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Rotational Dynamics of two disks

  1. Nov 5, 2013 #1
    1. The problem statement, all variables and given/known data
    Two disks are spinning freely about axes that run through their respective centres (see figure below). The larger disk
    (R1 = 1.42 m)
    has a moment of inertia of 1070 kg · m2 and an angular speed of 4.2 rad/s. The smaller disk
    (R2 = 0.60 m)
    has a moment of inertia of 909 kg · m2 and an angular speed of 8.0 rad/s. The smaller disk is rotating in a direction that is opposite to the larger disk. The edges of the two disks are brought into contact with each other while keeping their axes parallel.

    They initially slip against each other until the friction between the two disks eventually stops the slipping. How much energy is lost to friction? (Assume that the disks continue to spin after the disks stop slipping.)

    2. Relevant equations
    Conservation of angular momentum.


    3. The attempt at a solution
    I attempted the problem by first using the cons. of angular momentum to find the final angular speed of the 2 disks, then subtracted the initial kinetic energy by the final kinetic energy of the system to obtain energy lost, though I apparently arrived at the wrong answer. What is the correct approach to this problem?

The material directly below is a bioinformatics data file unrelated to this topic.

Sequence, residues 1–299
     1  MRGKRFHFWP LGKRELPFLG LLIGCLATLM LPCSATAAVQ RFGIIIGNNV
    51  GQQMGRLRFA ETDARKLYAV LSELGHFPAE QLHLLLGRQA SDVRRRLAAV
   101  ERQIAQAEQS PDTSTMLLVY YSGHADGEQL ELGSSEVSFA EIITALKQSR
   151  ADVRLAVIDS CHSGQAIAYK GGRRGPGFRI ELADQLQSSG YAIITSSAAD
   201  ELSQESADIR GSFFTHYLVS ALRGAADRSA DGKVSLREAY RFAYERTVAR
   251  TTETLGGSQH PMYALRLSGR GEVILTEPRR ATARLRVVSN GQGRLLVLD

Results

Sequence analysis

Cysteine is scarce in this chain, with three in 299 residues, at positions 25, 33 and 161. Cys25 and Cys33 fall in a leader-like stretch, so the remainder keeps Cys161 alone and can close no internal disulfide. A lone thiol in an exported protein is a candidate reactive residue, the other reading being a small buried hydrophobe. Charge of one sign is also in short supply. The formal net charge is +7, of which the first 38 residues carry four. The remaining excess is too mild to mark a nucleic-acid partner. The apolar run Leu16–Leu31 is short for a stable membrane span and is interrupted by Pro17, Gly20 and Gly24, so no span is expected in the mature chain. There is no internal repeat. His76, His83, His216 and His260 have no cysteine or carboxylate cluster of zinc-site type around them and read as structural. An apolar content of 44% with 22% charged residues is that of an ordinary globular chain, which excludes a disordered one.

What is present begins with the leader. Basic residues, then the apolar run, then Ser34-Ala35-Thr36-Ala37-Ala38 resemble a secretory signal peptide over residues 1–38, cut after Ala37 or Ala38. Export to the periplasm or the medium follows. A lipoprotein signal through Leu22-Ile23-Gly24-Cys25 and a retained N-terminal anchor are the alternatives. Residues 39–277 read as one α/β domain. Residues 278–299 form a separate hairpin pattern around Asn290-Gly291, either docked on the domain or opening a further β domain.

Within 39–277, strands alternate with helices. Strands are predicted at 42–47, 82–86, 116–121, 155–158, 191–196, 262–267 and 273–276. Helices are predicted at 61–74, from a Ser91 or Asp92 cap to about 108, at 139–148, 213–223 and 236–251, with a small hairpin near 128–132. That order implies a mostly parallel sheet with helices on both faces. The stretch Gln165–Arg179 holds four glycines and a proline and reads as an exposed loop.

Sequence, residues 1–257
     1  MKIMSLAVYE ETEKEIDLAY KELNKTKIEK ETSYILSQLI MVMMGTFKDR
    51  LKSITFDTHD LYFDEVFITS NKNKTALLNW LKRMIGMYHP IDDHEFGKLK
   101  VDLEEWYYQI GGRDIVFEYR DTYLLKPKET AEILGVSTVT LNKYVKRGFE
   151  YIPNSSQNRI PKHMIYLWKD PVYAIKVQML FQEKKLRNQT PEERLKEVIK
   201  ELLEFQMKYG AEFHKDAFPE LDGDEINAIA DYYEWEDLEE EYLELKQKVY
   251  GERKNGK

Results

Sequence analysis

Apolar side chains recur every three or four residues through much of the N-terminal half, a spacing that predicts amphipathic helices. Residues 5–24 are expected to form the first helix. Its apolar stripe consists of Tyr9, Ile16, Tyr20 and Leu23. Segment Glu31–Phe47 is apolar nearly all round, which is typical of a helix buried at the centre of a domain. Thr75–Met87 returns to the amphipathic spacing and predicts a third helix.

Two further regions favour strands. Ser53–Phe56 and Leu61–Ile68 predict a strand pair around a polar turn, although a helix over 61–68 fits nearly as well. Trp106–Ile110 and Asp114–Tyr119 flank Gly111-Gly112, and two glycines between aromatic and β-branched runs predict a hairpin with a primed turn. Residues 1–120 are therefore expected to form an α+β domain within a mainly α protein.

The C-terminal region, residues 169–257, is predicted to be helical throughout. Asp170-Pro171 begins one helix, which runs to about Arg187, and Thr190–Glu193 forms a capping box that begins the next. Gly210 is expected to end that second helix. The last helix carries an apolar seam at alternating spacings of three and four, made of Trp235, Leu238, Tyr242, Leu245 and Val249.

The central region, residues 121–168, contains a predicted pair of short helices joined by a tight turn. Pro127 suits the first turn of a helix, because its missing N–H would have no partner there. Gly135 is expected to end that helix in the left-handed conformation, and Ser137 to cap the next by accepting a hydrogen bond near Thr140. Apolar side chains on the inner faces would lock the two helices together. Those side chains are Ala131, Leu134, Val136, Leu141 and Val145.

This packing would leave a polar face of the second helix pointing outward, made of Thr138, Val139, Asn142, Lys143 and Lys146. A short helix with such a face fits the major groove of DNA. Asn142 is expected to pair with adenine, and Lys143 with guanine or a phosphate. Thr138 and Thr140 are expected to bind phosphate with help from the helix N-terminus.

2. jcsd
  3. Nov 5, 2013 #2

    Dick

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    You've got exactly the correct approach. You'll need to show your work for anyone to be able to tell you exactly where you went wrong.
     
  4. Nov 5, 2013 #3

    TSny

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    This is an interesting problem which I first saw many years ago in a textbook. The angular momentum is not conserved and it's a nice puzzle to see why.

    You can introduce a friction force f that acts between the disks while they are slipping. Consider the torque due to the friction force on each disk. The answers for the final rates of spin are independent of the magnitude of f.
     
  5. Nov 5, 2013 #4

    Dick

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    Yeah, I guess I didn't give that one enough thought.
     
  6. Nov 8, 2013 #5
    Are the final angular speeds going to be different for each disk? If that is the case, can I just use the cons. of angular momentum and the cons. of energy, and it becomes two equations with 2 unknowns, then isolate and solve for one of the angular speeds?
     
  7. Nov 8, 2013 #6

    TSny

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    Right, the final angular speeds are going to be different. What will be the same for the two disks when slipping stops?

    Neither total kinetic energy nor total angular momentum will be conserved.
     
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